Denis Lynn takes one last tour of his business empire before being laid to rest - Finnebrogue Artisan founder and chairman died in tragic accident
and live on Freeview channel 276
Mr Lynn, 63, died in a tragic quad bike accident at his home on Finnebrogue Estate on Sunday night, prompting tributes from across NI.
During a celebration of his life in his newly built massive pool house on his estate today, his siblings told tales of the early signs of his entrepreneurial mind and love of animals, including breeding hamsters and chickens for sale, and doubling his pocket money by telling his father he had lost his sixpence, when he had simply hidden it.
Mourners were also told how he came second in Northern Ireland in his 11+, and although he left school at 15 with no qualifications, his early talent for managing his siblings, disregard for rules and convention, high intelligence and personal drive would later see him regarded as the “big brother” of the family and chairman of his own food empire, employing 1000 people and with a £100 million turnover.
A young granddaughter who called him ‘Papa D’ said he was “shockingly brave and encouraged us to be brave too”.
She spoke of how he loved to go on long walks with them and how he let her steer his boat - which she almost crashed.
“He was such an amazing person and every time I saw him I knew I was going on another adventure,” she said. “I think he liked being with us because he could get away with not acting his age. He was like a 63-year-old teenager. He will not be easily forgotten and all of us here will carry his legacy for the rest of our days.”
One of his daughters, paying tribute, added: “I know your dad died when you were 15 years old and that changed your life forever. But you channelled this sadness into success. And we will try and do the same for you.”
Business colleagues also told how Marks & Spencers - one of his business partners - is to hold a special seminar in London next week about “how we can be more like Denis Lynn”.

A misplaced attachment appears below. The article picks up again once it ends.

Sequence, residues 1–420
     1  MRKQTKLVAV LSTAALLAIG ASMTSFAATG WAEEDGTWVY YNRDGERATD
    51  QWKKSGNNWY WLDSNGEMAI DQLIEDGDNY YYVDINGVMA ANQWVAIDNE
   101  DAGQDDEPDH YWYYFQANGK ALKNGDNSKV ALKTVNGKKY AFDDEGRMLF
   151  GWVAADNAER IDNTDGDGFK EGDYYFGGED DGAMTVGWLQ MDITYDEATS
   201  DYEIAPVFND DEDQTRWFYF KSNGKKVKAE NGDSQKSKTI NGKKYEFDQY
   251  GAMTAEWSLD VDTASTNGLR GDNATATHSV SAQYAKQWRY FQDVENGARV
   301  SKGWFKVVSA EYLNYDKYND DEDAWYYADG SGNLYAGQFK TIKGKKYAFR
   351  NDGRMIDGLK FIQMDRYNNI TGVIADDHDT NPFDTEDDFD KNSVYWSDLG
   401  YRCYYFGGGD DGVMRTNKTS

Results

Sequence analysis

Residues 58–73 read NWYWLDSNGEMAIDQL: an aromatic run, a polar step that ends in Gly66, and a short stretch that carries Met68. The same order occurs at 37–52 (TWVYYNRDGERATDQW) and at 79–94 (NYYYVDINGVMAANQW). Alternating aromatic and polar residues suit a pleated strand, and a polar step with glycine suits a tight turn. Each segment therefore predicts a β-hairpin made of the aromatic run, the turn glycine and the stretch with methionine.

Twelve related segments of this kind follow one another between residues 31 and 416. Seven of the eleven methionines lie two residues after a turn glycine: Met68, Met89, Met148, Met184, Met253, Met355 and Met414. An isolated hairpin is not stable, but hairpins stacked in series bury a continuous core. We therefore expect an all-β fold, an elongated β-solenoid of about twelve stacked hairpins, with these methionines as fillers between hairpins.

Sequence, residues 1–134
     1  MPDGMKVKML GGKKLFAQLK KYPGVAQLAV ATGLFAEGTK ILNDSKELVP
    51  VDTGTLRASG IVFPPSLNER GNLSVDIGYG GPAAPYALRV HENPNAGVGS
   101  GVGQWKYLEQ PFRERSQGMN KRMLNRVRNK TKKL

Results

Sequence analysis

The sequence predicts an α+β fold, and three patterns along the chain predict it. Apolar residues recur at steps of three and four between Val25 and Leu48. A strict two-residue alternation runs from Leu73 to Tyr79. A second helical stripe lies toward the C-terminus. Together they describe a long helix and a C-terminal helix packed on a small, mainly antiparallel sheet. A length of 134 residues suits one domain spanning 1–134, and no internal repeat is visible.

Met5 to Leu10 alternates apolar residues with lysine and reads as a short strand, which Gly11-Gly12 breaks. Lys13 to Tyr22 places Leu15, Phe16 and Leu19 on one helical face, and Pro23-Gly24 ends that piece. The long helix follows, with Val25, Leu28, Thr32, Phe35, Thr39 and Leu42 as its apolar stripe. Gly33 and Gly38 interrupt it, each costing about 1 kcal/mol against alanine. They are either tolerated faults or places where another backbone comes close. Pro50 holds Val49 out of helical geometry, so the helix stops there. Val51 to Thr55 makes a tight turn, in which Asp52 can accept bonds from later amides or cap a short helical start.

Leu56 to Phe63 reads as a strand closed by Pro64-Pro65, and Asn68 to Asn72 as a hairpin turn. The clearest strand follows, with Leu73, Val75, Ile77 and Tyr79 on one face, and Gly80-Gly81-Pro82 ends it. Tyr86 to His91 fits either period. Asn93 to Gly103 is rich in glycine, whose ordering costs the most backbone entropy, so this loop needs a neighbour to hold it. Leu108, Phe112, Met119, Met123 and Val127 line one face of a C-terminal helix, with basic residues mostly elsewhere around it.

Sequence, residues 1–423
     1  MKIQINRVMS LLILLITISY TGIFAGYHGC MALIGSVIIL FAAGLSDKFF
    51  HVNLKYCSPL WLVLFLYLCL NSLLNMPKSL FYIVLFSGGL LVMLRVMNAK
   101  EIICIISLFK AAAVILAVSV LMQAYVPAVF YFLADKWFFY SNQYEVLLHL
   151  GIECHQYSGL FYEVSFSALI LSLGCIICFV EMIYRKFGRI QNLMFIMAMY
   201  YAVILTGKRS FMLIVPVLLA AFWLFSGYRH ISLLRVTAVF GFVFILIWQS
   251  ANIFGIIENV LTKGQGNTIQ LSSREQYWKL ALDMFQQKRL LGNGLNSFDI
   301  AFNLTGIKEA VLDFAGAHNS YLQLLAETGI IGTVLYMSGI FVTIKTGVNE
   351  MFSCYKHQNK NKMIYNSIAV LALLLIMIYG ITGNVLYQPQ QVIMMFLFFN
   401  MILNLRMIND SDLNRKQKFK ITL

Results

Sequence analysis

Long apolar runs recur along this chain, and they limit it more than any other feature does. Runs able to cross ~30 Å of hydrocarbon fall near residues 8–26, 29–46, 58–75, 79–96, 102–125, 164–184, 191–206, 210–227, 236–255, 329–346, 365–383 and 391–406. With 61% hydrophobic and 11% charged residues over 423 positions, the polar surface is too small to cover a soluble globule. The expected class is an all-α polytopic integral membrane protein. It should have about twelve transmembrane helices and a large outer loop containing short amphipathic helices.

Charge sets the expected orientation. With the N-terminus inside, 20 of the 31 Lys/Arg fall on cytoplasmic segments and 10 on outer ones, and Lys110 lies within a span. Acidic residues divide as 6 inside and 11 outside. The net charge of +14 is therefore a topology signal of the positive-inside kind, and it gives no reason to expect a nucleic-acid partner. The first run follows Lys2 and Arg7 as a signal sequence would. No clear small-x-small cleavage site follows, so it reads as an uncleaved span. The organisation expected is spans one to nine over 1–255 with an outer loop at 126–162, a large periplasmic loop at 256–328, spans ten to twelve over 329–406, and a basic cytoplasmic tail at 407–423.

A phrase repeated throughout the occasion was that he “never knew when he was beaten”.
Mourners heard how in later years he said: “I want to change the world through food”.
Many charities have paid tribute to his generosity since his death.
Mourners heard today how he would be reduced to tears at the plight of children in Malawi when he was visiting a hospital that he supported there.
Several of his daughters paid tearful tribute to their father, noting that while he lost his father when he was only 15 - an experience they said drove him to succeed - they now found themselves following in his footsteps and would aim to do him proud.
As his wicker casket was carried from the building, a public address system broadcast the upbeat song ‘When I get to heaven’ by American folk singer John Brine.
As the music picked up outside, his wife Christine led others following the coffin in singing and clapping along to the music in celebration of his life.
Mourners were told his remains would be taken on one last tour of his factories to ensure everything was being managed correctly, before he would be laid to rest on the estate.
:: Jago Pearson, Chief Strategy Officer of Finnebrogue Artisan, gave the following eulogy today;-
“Denis used to say there are different types of people in this world. Some have integrity. Others have intelligence. There are those with an abundance of energy. Too few have all three. And even fewer have a crystallised view of right or wrong. Of purpose. Of meaning. Of reason for being.
Denis Lynn was not like the rest of us. There was nobody who had more of all these qualities than him.
Denis wanted to change the world, and he wanted it done yesterday.
And while his premature passing leaves a long list of things he still wanted to achieve; his list of accomplishments are long and they are exceptional.
From pioneering a new French fry in the early days to transforming the way we farm deer, from making the UK’s finest sausage to developing revolutionary nitrite-free bacon – and more recently the biggest food evolution of them all, making plant-based the best it can be possibly be, all without being bound by the way it’s always been done.
The job creation. The investment. He put this rural corner of Northern Ireland on the map.
But above all, Denis just loved making new products. He spoke of literally hearing music in his mouth when he ate and was developing food. He had a gift for identifying what was happening to the structure, succulence and flavour and articulating it in a way nobody else could.
But he was more than just the builder of a business or producer of groundbreaking new creations.
He was a visionary with an infectious passion for delivering positive change for the planet and its people.
He eradicated childhood malaria deaths in an entire district of southern Malawi. He supported the work of Cancer Fund for Children. He led efforts to eradicate school holiday hunger long before it was fashionable. He did so much more that went unseen.